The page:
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Beyond the Steppe FrontierA History of the Sino-Russian Border$
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Sören Urbansky

Print publication date: 2020

Print ISBN-13: 9780691181684

Published to Princeton Scholarship Online: September 2020

DOI: 10.23943/princeton/9780691181684.001.0001

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Watermelons and Abandoned Watchtowers

Watermelons and Abandoned Watchtowers

Chapter:
(p.251) 8 Watermelons and Abandoned Watchtowers
Source:
Beyond the Steppe Frontier
Author(s):

Sören Urbansky

Publisher:
Princeton University Press
DOI:10.23943/princeton/9780691181684.003.0009

This chapter examines the development of Sino-Soviet relations and their impact on the Argun borderland from the post-Mao and post-Brezhnev years to the early 1990s. It explores how the boundary between the two communist states gradually became permeable again through center-driven political and economic reconciliation between the two countries and how, with slackening control at the border and the simultaneous political and economic power breakdown of the Soviet Union, informal cross-border contacts grew as well. While the border was still heavily guarded, the borderland soon slipped out of the control of the metropole, at least on the Soviet side of the barbed-wire fence. Indeed, the chapter argues that local initiatives accelerated the process of rapprochement between the two sides. Officially approved contact channels were quickly replaced by zones created by the local border people.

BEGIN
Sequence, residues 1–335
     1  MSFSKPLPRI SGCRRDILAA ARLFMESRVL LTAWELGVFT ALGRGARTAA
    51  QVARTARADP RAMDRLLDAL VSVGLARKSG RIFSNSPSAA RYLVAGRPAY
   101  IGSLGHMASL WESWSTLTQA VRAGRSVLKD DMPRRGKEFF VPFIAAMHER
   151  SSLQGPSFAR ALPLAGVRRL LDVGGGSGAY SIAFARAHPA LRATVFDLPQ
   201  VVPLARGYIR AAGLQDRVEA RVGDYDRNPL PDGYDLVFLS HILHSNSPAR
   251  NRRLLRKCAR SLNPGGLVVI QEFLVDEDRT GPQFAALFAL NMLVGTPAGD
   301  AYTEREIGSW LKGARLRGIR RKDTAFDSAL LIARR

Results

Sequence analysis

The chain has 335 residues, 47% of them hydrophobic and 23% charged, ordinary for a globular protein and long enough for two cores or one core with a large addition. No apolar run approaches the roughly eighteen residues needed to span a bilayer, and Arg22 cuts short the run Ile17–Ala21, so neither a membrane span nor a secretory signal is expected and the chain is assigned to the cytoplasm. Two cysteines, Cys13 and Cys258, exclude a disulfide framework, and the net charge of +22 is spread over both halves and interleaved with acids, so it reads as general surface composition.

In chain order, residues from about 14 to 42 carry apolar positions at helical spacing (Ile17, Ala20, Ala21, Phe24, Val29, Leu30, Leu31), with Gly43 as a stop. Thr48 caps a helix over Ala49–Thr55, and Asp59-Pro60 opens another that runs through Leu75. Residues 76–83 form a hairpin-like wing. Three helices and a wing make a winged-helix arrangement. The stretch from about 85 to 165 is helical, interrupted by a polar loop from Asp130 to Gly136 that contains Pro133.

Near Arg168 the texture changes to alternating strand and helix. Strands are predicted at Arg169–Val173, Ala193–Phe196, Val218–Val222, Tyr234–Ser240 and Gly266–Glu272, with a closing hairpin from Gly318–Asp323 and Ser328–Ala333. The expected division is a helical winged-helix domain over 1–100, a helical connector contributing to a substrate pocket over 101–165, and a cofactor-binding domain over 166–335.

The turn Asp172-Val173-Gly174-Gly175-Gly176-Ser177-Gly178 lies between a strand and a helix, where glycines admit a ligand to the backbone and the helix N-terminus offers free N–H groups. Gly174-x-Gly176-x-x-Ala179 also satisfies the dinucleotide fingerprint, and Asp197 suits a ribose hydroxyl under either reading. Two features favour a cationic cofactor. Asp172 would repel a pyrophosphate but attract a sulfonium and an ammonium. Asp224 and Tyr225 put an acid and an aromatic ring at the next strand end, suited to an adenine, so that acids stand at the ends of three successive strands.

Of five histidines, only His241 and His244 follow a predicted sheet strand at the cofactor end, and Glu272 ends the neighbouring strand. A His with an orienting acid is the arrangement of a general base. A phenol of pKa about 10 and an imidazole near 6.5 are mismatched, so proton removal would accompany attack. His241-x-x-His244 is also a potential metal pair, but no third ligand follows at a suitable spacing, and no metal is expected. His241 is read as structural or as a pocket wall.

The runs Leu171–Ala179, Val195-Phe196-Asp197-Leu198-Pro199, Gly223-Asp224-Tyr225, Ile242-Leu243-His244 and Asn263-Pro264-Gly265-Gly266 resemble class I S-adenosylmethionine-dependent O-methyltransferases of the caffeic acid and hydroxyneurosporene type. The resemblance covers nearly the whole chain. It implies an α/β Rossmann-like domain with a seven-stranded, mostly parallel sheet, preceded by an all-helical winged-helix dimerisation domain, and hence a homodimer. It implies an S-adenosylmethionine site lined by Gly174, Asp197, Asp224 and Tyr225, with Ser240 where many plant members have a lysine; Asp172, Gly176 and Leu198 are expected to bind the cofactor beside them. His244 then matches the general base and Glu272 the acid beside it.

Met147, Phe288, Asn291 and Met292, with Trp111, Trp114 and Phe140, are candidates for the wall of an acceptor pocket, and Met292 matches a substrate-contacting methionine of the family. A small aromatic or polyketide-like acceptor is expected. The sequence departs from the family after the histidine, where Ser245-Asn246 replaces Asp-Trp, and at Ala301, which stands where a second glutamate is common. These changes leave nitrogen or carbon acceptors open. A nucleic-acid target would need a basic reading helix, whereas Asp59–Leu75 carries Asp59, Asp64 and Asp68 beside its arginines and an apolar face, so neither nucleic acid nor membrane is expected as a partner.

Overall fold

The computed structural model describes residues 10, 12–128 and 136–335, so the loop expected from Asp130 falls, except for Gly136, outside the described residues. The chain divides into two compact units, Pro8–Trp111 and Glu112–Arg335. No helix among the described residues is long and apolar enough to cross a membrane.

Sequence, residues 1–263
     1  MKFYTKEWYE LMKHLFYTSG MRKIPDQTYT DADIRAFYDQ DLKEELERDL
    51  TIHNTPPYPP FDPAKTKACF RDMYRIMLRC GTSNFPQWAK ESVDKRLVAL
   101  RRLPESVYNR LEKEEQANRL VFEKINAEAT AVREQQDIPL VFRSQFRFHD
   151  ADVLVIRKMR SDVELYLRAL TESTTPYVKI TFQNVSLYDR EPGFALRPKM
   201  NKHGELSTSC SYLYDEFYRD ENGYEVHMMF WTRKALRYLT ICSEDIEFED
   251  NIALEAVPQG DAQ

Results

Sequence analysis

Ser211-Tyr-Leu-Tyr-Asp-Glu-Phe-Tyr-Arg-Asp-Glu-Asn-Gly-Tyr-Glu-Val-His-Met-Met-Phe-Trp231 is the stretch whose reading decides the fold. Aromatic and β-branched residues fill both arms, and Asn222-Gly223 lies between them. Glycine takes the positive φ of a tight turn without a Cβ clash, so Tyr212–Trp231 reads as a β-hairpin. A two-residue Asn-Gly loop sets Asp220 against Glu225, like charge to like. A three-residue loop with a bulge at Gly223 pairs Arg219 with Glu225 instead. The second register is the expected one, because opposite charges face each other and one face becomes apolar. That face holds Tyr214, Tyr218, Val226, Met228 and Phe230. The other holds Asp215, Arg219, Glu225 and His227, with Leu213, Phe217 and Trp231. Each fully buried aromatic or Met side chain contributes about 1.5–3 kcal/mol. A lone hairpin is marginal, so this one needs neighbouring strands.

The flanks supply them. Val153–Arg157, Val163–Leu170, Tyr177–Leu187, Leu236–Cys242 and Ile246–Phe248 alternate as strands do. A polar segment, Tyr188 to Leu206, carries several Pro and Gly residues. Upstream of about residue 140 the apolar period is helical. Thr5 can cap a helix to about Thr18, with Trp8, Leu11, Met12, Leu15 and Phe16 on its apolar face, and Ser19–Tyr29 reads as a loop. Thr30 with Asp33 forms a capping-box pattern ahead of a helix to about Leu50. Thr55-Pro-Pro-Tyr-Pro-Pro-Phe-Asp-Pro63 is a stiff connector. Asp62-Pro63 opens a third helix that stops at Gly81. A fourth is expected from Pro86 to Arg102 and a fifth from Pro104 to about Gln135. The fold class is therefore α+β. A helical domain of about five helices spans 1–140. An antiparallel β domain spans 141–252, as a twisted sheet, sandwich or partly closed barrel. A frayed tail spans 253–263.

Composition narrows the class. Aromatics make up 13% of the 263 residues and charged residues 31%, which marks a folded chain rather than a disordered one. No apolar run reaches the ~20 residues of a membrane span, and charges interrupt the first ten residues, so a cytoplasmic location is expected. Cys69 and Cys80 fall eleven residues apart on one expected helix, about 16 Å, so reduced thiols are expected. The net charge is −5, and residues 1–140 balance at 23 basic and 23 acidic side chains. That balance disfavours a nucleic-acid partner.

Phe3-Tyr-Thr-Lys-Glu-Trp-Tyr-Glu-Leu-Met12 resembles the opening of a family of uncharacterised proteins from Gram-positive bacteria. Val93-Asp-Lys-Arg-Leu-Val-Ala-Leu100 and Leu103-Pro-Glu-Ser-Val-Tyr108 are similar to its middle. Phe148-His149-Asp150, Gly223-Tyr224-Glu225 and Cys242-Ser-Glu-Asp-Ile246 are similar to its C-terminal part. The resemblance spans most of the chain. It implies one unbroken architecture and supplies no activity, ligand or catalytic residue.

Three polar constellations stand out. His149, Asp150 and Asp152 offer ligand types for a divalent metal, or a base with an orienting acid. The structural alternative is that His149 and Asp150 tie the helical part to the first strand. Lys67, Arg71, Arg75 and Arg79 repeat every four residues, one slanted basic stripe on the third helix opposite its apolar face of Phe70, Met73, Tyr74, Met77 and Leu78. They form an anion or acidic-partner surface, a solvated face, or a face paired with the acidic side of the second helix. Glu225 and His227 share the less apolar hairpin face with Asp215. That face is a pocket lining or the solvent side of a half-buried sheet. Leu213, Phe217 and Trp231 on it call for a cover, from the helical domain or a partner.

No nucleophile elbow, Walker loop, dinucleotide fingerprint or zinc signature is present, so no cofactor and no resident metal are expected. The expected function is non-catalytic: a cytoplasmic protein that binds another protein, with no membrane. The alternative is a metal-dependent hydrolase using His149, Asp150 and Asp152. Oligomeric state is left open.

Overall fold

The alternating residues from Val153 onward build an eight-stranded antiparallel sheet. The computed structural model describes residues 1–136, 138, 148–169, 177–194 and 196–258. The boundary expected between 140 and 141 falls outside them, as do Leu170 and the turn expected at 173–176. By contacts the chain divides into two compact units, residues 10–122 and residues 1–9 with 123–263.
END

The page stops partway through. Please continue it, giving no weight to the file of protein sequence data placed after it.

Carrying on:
Keywords:   Sino-Soviet relations, Argun borderland, post-Mao era, post-Brezhnev era, political reconciliation, economic reconciliation, border controls, power breakdowns, cross-border contacts, local initiatives

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